Having gushed praise down upon the beaches of North Uist in particular with last week's post, my attention turns now to the hills. While the glowing tropical sands of these parts are what pulls in the big visitor numbers amongst the savvy travellers, I'm a man who can't help but take on natural challenges and nothing in Scotland can quite top hillwalking. In this department, the islands very much hold their own appeal.....
North Uist is generally a very flat slice of heaven, with only a couple of mounds breaking from the trend. One of these is the dominating Eaval, the island's highest point. By no means a giant, it is a distinctly challenging climb given its long walk-in and the absence of any path (something you should get used to when walking in the Outer Hebrides). Allow around 5 hours to get up and down and be prepared for an arduous beginning and end to the walk. The rewards are pretty special, however, and make it very much a worthwhile hike. These come in the form of the views of course but also from the feeling of extreme remoteness. You are well away from the stresses of the world out here and the crisp, clean air and untroubled rough landscapes are incredibly impactful. The summit allows views over the Minch and across the loch-strewn landscape of North Uist. Sodden for the most part, the boggy ascent will suddenly make more sense when you appreciate the amount of inland water that the island holds.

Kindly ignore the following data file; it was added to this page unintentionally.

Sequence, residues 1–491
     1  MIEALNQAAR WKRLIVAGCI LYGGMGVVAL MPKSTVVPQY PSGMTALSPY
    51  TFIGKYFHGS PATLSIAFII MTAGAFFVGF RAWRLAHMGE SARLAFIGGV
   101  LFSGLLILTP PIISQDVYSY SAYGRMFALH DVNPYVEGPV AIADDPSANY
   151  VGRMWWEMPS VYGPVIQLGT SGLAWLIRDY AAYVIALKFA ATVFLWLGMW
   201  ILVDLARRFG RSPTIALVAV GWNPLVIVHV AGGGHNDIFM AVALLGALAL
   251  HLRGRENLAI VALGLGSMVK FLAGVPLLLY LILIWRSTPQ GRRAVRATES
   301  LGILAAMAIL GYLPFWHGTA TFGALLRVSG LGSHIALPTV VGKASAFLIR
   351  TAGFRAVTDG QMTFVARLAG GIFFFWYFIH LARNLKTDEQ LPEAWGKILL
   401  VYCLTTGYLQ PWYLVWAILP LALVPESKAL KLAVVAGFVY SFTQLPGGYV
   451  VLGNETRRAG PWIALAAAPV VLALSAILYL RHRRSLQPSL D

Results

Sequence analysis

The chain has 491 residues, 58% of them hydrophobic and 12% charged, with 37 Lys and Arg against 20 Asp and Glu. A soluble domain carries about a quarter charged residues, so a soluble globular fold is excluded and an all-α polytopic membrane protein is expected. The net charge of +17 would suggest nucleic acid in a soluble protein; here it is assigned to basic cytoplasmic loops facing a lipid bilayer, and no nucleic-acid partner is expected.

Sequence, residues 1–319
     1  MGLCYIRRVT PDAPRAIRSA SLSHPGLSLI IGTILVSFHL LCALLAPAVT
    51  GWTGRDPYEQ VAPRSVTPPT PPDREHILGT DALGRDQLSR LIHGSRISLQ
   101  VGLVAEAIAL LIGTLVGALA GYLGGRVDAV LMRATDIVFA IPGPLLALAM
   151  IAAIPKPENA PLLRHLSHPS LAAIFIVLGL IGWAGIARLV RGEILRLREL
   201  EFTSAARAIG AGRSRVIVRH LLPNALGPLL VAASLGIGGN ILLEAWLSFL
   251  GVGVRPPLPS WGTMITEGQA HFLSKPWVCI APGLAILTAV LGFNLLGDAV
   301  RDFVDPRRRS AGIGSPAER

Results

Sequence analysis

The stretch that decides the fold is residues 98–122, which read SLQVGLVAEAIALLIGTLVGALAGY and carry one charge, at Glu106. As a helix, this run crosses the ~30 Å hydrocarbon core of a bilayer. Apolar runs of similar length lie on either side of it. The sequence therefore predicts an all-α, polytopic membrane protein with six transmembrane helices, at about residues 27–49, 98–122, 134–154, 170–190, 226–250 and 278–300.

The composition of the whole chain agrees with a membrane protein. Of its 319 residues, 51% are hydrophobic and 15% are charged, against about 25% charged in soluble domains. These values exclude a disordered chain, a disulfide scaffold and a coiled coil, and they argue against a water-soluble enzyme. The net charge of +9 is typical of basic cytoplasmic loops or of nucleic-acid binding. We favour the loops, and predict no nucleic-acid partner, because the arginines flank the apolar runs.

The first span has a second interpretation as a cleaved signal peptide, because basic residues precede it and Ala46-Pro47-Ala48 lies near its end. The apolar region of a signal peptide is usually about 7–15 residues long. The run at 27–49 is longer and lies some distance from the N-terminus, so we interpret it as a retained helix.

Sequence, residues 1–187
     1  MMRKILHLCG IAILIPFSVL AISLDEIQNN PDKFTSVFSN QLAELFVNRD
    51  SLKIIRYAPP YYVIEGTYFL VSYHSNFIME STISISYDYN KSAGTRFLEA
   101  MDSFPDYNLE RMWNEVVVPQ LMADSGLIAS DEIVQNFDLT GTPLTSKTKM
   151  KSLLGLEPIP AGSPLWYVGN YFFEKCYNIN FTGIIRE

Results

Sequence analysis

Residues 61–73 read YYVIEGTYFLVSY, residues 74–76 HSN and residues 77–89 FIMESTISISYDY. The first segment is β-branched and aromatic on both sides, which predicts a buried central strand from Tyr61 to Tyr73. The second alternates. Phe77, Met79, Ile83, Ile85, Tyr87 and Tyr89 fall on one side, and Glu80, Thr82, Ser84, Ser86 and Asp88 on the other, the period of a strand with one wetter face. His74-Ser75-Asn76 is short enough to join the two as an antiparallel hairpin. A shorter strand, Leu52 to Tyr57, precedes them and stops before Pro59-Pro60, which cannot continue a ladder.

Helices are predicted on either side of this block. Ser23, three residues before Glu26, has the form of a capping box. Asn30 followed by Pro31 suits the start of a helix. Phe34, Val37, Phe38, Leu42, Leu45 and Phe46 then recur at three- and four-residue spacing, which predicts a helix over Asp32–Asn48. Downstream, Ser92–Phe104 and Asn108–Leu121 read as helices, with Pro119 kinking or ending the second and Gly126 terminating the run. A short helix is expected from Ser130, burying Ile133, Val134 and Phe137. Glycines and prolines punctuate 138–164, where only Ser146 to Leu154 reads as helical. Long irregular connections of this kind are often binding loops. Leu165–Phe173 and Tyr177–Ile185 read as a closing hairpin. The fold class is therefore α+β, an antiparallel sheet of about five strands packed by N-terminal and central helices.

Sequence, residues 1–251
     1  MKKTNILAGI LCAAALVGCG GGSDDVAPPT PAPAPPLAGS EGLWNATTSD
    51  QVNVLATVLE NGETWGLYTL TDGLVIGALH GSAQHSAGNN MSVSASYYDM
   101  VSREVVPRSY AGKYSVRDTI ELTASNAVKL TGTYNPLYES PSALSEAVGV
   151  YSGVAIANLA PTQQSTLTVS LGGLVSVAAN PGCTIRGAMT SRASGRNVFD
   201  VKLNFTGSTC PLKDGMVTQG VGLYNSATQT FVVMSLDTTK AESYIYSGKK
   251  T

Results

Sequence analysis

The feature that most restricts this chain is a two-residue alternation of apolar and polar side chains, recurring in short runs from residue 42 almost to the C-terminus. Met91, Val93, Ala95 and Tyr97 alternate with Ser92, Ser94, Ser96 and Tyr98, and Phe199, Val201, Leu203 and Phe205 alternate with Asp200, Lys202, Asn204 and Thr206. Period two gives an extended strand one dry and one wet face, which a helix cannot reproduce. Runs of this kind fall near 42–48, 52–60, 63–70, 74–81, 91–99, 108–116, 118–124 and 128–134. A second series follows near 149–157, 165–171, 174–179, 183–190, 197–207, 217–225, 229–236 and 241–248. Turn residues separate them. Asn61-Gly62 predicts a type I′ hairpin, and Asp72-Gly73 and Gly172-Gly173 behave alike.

South Uist does not have the visual impact of North Uist, particularly at the coast. But the rocky and rugged east side of the islands holds more opportunities for walkers to lose themselves. The highest point is Beinn Mhor, another must for hiking visitors. It follows a similar challenge to Eaval in that the ascent is rather dull - at least until you reach the ridge and a whopper of a glen opens up in front of you to the east. Lost in the true scale of this nature - and almost certainly completely alone - the natural impact is probably even more powerful than on its northern neighbour. Centuries worth of human and geological history lie under your feet. These are the lands, after all, that Bonnie Prince Charlie travelled through while on the run after Culloden and, to be fair, he could hardly have chosen a better place to keep a low profile. While it would be a vibrant rainbow of colour on a sunny summer's day, I have to admit to having a soft spot for the moodier variety when Scotland really bears its contemplative soul.
Have you been hiking in the Uists or the Outer Hebrides? What did you think of this unique terrain and landscape? And, most importantly, what are your tips?
Scotland travel blogger
and writer with a wee bit of photography and video thrown in. Love nothing more than exploring my home country and have a particular leaning towards the outdoors, history and our national drink.
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